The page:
Page last updated at 23:59 GMT, Wednesday, 20 May 2009 00:59 UK

Understanding the UK's space 'anomaly'

ANALYSIS
By Jonathan Amos
Science reporter, BBC News, Paris

J-J Dordain (AFP)

It was a stunning announcement: Major Tim. British astronaut. His impact is going to be immense as an icon for science and technology.

No longer do the British media have to claim UK-born US citizens flying with Nasa as their own. They now have the real thing.

It will be some time before Timothy Peake gets into orbit, of course. It will be several years, in fact.

His training - including learning Russian so he can work on the space station - will keep him on the ground well into the next decade.

But that's not the point. The UK, for so long a bystander in the realm of human spaceflight, is now part of the game.

There are questions, though, about commitment.

There is a frequently expressed opinion in other European capitals that Britain could and should do more in space, especially given its extraordinary technological heritage.

The UK, remember, once had its own rocket capable of putting a satellite in orbit. It simply gave it up.

A la carte

Jean-Jacques Dordain, the director-general of Esa, often describes the UK's position on space as an "anomaly".

It is the second richest nation in the 18-member organisation and yet it is only the fourth largest contributor to the agency's funding.

Timothy Peake

It is by no means a small sum of money; the UK stumped up just under a billion euros at last November's ministerial meeting for space programmes running for the next three to five years. But it is considerably less than the money Germany, France and Italy put into Esa.

The UK has traditionally taken a very selective approach to its involvement in the agency, picking and choosing from Esa's "a la carte" menu of activities only those pursuits it feels buffer particular capabilities.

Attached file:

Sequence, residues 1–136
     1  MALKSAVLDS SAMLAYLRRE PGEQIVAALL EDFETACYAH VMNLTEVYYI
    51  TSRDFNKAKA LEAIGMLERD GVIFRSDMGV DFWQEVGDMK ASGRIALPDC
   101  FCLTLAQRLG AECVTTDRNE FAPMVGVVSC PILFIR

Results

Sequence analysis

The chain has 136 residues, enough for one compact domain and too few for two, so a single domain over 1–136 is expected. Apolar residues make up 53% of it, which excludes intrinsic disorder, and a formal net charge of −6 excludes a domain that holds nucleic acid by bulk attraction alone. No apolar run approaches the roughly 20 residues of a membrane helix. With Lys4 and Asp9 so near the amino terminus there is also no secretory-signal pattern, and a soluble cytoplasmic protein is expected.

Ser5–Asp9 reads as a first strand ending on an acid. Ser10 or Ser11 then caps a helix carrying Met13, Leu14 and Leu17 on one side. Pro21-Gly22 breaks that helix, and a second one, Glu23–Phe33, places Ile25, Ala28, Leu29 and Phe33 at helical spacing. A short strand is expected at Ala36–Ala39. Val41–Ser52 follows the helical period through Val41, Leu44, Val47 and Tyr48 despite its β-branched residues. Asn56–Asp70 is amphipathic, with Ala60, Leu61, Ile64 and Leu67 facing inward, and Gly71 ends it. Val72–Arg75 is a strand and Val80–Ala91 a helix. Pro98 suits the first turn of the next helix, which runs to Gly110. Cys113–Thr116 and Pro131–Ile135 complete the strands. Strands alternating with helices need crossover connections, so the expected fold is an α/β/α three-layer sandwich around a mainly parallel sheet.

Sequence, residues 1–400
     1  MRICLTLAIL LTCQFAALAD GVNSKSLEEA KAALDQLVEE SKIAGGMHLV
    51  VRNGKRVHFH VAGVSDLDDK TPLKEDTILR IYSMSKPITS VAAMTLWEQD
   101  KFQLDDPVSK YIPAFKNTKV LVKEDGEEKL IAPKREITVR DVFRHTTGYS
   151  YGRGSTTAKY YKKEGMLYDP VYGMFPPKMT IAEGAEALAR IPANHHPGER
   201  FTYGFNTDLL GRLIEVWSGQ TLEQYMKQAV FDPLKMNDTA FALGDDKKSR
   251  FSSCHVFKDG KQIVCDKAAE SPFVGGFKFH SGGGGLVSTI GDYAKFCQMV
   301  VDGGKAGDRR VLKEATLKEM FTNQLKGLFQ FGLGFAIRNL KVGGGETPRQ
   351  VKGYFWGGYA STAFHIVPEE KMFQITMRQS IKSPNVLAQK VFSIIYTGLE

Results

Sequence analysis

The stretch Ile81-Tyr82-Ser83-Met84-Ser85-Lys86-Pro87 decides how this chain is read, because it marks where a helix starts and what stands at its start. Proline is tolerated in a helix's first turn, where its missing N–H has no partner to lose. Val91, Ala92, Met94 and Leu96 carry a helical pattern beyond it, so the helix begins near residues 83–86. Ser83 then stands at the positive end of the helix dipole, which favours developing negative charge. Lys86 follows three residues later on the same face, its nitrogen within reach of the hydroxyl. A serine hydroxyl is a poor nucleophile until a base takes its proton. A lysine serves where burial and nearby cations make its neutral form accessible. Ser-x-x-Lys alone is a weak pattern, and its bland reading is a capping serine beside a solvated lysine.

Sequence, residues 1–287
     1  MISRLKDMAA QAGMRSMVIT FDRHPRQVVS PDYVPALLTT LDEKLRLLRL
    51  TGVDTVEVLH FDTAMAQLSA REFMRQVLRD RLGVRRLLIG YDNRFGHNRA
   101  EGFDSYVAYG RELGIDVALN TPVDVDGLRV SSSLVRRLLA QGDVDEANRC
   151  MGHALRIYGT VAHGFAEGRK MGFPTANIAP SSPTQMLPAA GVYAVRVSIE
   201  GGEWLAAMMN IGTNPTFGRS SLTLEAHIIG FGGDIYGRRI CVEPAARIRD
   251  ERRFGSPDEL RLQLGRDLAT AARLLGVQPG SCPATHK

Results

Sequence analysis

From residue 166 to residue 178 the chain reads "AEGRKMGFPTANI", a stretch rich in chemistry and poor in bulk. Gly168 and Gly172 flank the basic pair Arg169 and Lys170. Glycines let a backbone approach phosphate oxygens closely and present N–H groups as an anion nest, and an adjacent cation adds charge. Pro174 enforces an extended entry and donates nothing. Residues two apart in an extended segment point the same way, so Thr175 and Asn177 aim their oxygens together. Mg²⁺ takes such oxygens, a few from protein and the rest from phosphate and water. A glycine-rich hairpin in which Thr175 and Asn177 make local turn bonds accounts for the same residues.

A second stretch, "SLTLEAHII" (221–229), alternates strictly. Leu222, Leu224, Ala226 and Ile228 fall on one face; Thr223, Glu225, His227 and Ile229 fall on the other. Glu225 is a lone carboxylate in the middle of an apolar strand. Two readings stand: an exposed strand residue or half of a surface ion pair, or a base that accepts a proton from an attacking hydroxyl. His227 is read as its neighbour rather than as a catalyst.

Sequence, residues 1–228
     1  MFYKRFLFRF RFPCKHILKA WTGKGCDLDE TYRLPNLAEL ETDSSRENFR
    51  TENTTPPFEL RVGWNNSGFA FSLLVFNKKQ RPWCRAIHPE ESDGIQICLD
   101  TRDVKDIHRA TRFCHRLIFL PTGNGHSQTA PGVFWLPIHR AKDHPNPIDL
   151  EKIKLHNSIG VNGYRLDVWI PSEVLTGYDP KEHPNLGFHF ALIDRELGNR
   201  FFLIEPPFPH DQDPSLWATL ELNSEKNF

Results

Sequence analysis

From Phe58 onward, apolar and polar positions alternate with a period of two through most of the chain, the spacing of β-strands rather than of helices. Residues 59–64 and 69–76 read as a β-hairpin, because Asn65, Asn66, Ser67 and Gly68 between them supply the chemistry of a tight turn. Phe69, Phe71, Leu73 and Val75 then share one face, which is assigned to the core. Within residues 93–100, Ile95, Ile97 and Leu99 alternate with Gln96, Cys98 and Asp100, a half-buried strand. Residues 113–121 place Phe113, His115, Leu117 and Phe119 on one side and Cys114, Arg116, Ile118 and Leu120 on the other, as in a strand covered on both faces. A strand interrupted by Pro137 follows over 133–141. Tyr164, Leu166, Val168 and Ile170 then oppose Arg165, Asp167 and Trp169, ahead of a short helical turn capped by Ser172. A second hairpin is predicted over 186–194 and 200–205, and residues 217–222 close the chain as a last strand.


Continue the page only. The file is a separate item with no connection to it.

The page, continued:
What it will not do is get involved in the "big ticket items" - which are the launchers programme and the space station - which it considers expensive distractions.

The latter, for example, has so far cost Europe something in the region of five billion euros. It is committed to spend a similar sum in the coming years. Not a penny of these costs is covered by the UK.

And that's what makes Major Peake's unveiling on Wednesday all the more fascinating - because he now becomes a standard bearer for an endeavour the London government prefers to ignore.

Across the piece

Mr Dordain expressed the hope that the selection of Major Peake might persuade the UK to start making a contribution to Esa's human spaceflight programme.

"I have not selected Timothy to attract money; I have selected Timothy because he is a very good guy, and I need good guys at Esa," he told BBC News. "But now what I hope, with Timothy in the group of astronauts, [is] that the British government will realise that human spaceflights are also an important aspect of space activities in general."

Not immediately, it won't. Certainly not in the short term. The line from Whitehall on Wednesday evening was that Britain's contribution to the Esa budget was fixed in November, and that would be that.

No additional funds would be made available to help pay for the costs of Major Peake's training, Science Minister Lord Drayson said.

His view is that the UK has made contributions in other areas such as climate change monitoring from which other nations benefit even though they put in much less than the UK; and that Britain's choice to fund unmanned activities shouldn't be an obstacle to astronaut selection.

It's not a sentiment which will be well received in the ministries in Berlin, Paris and Rome, or in the other nations which do help to fund the space station even though they've yet to see one of their nationals selected as an astronaut.

Jonathan.Amos-INTERNET@bbc.co.uk



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